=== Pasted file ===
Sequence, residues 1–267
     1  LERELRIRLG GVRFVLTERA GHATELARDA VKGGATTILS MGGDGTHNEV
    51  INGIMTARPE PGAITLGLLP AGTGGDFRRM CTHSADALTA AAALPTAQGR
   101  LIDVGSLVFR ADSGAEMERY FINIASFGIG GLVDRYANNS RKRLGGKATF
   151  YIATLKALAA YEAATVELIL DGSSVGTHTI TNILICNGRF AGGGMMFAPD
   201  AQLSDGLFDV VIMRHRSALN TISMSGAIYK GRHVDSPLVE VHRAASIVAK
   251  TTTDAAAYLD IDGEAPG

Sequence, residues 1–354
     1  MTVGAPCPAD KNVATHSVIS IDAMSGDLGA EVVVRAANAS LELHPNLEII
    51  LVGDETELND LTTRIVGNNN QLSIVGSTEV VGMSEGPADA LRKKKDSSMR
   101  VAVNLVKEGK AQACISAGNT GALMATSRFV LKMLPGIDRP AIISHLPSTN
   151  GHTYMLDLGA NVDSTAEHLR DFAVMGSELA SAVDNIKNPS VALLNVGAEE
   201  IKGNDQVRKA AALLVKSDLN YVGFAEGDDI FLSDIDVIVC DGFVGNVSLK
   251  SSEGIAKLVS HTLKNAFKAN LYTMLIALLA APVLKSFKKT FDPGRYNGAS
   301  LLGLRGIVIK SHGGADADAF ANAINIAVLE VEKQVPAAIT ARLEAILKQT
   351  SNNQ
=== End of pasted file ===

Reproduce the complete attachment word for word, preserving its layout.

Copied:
Sequence, residues 1–267
     1  LERELRIRLG GVRFVLTERA GHATELARDA VKGGATTILS MGGDGTHNEV
    51  INGIMTARPE PGAITLGLLP AGTGGDFRRM CTHSADALTA AAALPTAQGR
   101  LIDVGSLVFR ADSGAEMERY FINIASFGIG GLVDRYANNS RKRLGGKATF
   151  YIATLKALAA YEAATVELIL DGSSVGTHTI TNILICNGRF AGGGMMFAPD
   201  AQLSDGLFDV VIMRHRSALN TISMSGAIYK GRHVDSPLVE VHRAASIVAK
   251  TTTDAAAYLD IDGEAPG

Sequence, residues 1–354
     1  MTVGAPCPAD KNVATHSVIS IDAMSGDLGA EVVVRAANAS LELHPNLEII
    51  LVGDETELND LTTRIVGNNN QLSIVGSTEV VGMSEGPADA LRKKKDSSMR
   101  VAVNLVKEGK AQACISAGNT GALMATSRFV LKMLPGIDRP AIISHLPSTN
   151  GHTYMLDLGA NVDSTAEHLR DFAVMGSELA SAVDNIKNPS VALLNVGAEE
   201  IKGNDQVRKA AALLVKSDLN YVGFAEGDDI FLSDIDVIVC DGFVGNVSLK
   251  SSEGIAKLVS HTLKNAFKAN LYTMLIALLA APVLKSFKKT FDPGRYNGAS
   301  LLGLRGIVIK SHGGADADAF ANAINIAVLE VEKQVPAAIT ARLEAILKQT
   351  SNNQ